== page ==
The MLB All-Star festivities are dominated by big names from around the majors. Miguel Cabrera, Mike Trout, David Wright and Clayton Kershaw are among the players who will dominate the headlines at Citi Field next week.
Yet the Midsummer Classic is also a chance to recognize players who don't normally receive a lot of national attention but are having terrific seasons. While they may fade back into the background once the All-Star break ends, they will find a way to make an impact.
With that in mind, let's examine three players who earned their spots on the 2013 roster and should shine while representing their respective leagues. For a complete look at the squads for both the American and National Leagues, visit MLB's official site.
Jason Kipnis (AL—Cleveland Indians)
After a slow start, during which Kipnis hit just .200 in April, the Indians second baseman has been on fire since the start of May. He's hit 12 home runs and swiped 15 bases over that span while also raising his average to .290 and his on-base percentage to .375.
His combination of speed and power will make him an asset for the American League. Jim Leyland can use him as a pinch hittter, pinch runner or as a straight replacement late in the game. It's some much-needed flexibility for a squad deep at second base.
Kipnis has quickly developed into one of the most well-rounded players at the position. He's been a driving force behind a Cleveland offense that lacks star power and should provide a similar boost to the AL regardless of his role.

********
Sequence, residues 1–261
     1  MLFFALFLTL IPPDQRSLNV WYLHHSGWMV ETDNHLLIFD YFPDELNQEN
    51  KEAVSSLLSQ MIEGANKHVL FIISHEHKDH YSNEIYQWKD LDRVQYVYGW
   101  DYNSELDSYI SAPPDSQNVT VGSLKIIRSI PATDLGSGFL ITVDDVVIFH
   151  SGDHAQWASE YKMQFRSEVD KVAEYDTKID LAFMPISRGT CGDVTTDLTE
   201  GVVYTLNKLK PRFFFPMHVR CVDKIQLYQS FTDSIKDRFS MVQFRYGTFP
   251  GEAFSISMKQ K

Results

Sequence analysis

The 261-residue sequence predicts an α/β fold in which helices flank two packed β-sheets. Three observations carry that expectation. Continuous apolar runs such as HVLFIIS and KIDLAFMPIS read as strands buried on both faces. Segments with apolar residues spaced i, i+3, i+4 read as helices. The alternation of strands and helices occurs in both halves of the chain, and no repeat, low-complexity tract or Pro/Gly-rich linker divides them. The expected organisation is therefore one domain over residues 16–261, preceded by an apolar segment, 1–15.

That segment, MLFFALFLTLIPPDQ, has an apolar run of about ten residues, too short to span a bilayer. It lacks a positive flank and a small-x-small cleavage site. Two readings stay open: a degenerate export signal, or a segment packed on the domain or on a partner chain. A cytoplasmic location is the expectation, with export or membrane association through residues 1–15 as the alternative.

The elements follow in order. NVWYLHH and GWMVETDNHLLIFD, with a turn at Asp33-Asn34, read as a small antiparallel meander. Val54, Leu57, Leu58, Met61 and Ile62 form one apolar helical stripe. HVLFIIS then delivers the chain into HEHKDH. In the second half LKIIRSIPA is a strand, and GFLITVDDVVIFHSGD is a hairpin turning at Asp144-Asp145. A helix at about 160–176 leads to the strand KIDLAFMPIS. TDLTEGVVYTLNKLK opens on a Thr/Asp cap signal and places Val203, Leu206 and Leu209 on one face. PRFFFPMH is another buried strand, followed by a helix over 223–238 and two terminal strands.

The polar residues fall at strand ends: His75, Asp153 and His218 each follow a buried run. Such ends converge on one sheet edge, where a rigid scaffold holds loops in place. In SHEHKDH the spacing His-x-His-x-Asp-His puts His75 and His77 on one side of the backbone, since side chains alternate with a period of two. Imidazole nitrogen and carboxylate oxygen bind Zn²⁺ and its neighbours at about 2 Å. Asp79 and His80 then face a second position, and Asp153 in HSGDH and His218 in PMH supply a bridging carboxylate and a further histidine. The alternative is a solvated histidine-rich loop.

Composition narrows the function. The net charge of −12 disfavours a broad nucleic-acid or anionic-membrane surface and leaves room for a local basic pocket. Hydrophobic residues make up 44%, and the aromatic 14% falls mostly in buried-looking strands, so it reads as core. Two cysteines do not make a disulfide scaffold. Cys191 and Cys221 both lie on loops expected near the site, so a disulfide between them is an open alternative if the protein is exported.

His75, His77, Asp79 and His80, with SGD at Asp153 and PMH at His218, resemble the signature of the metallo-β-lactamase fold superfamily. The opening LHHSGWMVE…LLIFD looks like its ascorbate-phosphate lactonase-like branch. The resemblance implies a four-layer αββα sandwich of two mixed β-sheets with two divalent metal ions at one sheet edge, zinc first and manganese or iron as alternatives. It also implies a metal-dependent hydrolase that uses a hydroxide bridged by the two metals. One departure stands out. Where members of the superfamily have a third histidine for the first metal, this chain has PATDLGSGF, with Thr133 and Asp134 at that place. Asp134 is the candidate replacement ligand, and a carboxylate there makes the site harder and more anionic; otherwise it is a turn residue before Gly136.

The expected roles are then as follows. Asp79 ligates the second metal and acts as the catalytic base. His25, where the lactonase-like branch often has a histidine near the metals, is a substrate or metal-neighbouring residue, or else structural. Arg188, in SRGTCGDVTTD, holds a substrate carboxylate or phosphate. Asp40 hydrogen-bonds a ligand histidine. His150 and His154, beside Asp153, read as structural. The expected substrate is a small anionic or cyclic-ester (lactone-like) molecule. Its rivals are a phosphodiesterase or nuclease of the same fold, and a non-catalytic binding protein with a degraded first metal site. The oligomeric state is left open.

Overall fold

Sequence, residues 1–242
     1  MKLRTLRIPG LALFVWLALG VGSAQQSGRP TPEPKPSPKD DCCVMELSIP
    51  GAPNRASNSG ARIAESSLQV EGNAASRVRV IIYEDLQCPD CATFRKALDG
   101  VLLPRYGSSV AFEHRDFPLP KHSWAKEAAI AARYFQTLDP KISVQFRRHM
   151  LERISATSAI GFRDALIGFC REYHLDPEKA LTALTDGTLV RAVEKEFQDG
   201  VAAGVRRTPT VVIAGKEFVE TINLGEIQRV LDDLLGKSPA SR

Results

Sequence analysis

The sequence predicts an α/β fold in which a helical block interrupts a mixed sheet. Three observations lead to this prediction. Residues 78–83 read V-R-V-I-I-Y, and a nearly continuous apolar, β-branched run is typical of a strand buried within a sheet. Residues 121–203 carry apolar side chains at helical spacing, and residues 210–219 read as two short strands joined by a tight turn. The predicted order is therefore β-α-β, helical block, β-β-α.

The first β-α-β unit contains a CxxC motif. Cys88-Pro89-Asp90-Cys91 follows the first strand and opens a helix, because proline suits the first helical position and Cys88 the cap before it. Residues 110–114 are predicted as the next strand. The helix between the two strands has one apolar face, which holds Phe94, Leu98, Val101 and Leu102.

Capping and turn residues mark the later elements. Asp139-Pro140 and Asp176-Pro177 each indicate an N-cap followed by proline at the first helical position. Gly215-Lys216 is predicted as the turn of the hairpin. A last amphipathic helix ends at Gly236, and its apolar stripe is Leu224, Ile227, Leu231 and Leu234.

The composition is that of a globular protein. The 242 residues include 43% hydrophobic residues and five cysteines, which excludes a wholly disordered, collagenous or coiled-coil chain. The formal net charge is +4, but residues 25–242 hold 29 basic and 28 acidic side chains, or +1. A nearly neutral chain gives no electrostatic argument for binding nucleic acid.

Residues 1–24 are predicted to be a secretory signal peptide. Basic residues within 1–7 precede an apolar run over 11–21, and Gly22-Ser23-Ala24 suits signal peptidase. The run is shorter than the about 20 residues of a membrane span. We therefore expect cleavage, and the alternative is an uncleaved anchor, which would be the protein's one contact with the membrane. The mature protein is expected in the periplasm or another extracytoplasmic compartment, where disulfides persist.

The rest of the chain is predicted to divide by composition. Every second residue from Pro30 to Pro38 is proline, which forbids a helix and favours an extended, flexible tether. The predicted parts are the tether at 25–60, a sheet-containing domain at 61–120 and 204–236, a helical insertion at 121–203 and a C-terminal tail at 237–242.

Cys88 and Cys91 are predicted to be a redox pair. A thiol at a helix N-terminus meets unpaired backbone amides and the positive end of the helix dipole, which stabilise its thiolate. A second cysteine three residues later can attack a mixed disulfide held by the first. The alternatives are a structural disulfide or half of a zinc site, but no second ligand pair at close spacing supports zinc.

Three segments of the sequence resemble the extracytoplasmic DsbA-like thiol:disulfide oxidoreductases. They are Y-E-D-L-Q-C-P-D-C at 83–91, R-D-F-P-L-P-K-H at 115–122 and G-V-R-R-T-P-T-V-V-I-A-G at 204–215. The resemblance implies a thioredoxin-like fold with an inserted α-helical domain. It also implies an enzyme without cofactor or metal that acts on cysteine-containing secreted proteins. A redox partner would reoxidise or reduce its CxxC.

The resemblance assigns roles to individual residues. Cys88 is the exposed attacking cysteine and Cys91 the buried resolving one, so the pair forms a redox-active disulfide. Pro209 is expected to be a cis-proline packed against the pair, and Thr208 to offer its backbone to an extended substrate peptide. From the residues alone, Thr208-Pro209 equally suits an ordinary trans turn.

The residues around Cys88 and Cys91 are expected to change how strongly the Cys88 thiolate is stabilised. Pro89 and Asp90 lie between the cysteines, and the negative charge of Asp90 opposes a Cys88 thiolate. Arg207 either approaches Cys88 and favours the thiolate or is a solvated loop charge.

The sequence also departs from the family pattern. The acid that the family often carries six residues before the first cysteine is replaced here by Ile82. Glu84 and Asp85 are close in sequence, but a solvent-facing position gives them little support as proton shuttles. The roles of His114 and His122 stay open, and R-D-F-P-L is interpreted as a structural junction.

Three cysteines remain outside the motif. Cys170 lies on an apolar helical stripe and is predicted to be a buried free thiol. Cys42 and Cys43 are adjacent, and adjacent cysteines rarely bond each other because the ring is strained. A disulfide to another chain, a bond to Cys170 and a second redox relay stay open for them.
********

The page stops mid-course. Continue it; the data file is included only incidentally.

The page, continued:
Allen Craig (NL—St. Louis Cardinals)
Look no further than players like Craig if you want to understand how the Cardinals continue to contend on a yearly basis despite a lack of hype. He doesn't make a ton of highlight-reel plays, but he consistently gets the job done.
Which of these players will have the best All-Star showing?
His numbers back that up. Craig is hitting .327, which ranks third in the National League, with 10 home runs and 71 runs batted in. Those are tremendous numbers for the first half, but since he's playing in laid-back St. Louis, he's remained out of the spotlight.
Like Kipnis, he will provide his All-Star manager, Bruce Bochy, with options. Craig has played both corner outfield spots and first base this season. And if the National League needs a big hit late, he's one of the best bets to come through in the clutch.
Jason Grilli (NL—Pittsburgh Pirates)
On the pitching side, Grilli has been one of the year's biggest surprises. He had just five career saves coming into the season. Now, thrust into a closing role with the Pirates, he's flourished, racking up 28 saves with an ERA a shade over 2.00.
The rise to prominence is especially surprising when you consider he's 36. There are times when relievers hit their peak in their late 20s or early 30s, but it's rare to enjoy a resurgence on what's normally the back end of a career.
Since the American League is filled with sluggers, the National League will need some strong pitching performances if they have a late lead to hold. Along with Craig Kimbrel and Aroldis Chapman, Grilli ensures they have the arms to get it done.